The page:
Free radical damage
The main mechanism that ionizing radiation (and also other environmental toxins) employ to cause cellular damage is through the formation of free radicals, the root cause of chronic inflammation, premature ageing and all health problems that usually follow. Free radicals cause structural damage to cells and their internal components such as DNA, proteins and lipids. This impairs the functions of vital tissues and organs – leading to cancer, cataracts, heart disease and other disorders.
Antioxidant defense against radiation exposure
Deinococcus radiodurans, known as the toughest bacterium in the world, can withstand extreme doses of radiation, thousand times greater than what would otherwise kill a human being. It is also known to protect proteins and repair massive DNA damage accurately after extreme exposure to ionizing and UV radiation. What makes the bacterium so resilient to oxidative stress?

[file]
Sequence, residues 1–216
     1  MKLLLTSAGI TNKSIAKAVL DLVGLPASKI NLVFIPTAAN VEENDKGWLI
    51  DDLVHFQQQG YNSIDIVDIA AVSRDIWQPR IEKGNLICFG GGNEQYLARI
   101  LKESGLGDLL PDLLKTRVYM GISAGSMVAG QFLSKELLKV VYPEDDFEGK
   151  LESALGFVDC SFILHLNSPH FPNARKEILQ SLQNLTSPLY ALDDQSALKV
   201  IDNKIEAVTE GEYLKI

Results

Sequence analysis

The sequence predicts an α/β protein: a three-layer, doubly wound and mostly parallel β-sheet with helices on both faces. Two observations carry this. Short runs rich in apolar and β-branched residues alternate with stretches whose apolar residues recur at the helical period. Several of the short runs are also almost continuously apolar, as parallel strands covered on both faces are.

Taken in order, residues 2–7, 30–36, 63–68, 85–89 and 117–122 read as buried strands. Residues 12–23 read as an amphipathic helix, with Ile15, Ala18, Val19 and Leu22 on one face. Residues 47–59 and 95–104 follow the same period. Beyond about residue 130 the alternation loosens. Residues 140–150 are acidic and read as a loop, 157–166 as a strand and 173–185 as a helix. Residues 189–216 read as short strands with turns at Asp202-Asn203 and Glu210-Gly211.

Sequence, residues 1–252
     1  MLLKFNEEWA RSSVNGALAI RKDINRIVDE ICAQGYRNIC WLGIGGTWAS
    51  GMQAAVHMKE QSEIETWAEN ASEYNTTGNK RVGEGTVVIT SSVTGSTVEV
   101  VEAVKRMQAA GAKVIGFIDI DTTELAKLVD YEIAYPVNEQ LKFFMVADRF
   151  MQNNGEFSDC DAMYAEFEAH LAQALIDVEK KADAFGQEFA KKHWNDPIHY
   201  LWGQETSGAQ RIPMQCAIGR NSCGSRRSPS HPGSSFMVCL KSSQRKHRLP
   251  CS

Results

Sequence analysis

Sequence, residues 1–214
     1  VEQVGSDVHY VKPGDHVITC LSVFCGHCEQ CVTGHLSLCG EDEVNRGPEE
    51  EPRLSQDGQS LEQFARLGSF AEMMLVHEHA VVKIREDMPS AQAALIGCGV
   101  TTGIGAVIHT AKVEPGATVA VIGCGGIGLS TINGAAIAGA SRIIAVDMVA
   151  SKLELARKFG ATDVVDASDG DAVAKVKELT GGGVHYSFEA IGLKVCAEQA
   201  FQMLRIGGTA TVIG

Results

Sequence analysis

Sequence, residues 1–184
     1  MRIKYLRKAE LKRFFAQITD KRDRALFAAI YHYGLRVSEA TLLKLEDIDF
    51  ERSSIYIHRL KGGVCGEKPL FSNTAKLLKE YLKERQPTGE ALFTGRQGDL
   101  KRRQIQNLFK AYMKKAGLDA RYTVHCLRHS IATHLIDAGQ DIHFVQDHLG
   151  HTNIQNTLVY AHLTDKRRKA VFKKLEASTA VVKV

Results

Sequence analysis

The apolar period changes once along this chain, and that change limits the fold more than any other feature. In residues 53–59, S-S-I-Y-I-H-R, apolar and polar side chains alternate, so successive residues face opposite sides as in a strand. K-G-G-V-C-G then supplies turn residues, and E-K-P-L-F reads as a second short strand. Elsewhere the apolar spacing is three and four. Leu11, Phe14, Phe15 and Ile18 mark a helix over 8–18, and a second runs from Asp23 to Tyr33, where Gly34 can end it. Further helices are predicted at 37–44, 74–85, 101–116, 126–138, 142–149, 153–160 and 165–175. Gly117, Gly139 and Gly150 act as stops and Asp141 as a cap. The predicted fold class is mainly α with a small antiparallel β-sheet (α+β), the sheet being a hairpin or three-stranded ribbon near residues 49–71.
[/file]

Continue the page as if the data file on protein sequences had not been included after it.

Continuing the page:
It is believed that among other mechanisms, deinococcus radiodurans has a highly evolved anti-oxidant system, leading to decreased ROS production (high levels of catalase and superoxide dismutase activity, increased amount of manganese complexes, and small antioxidant molecules). This helps with decreased ROS production. 
For us, high anti-oxidant content found in whole plant-based food (fruits, vegetables, grains, nuts, seeds, spices and herbs) can help the body contain this free-radical damage.
On one hand you need antioxidant support to defend the body against radiation damage; and on the other, radiation and pollutants rob your body of vitamins, essential fatty acids, minerals and other antioxidants. Most people believe that radiation, from any source whatsoever, increases your risk of cancer. While this is true, radiation also cause substantial damage to immune cells, heart and other organs. This can be overwhelming for the body as you need a strong immunity in the very first place to deal with the barrage of poisons, including radiation, you encounter on a daily basis.